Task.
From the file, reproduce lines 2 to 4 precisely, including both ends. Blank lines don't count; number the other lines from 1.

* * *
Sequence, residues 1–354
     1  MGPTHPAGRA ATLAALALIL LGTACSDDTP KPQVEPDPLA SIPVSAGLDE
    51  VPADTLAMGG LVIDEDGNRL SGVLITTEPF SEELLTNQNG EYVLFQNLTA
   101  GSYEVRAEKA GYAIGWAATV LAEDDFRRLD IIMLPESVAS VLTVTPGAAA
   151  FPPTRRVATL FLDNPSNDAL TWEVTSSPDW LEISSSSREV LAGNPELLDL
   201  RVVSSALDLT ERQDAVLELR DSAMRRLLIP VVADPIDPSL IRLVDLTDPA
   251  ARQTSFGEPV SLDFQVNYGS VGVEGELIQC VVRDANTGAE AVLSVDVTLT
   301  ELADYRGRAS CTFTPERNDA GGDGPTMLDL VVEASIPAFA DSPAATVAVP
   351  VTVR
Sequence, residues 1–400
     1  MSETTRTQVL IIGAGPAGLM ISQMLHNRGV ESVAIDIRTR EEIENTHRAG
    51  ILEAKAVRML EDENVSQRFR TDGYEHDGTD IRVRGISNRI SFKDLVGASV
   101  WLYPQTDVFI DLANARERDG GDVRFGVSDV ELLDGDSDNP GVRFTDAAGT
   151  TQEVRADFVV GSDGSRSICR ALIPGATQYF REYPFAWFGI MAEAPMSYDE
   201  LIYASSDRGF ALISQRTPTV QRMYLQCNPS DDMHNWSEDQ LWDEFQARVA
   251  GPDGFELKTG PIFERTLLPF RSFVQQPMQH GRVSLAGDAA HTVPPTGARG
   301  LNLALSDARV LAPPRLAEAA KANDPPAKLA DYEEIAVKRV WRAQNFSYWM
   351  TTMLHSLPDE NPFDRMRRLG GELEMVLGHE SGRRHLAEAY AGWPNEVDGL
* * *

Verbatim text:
     1  MGPTHPAGRA ATLAALALIL LGTACSDDTP KPQVEPDPLA SIPVSAGLDE
    51  VPADTLAMGG LVIDEDGNRL SGVLITTEPF SEELLTNQNG EYVLFQNLTA
   101  GSYEVRAEKA GYAIGWAATV LAEDDFRRLD IIMLPESVAS VLTVTPGAAA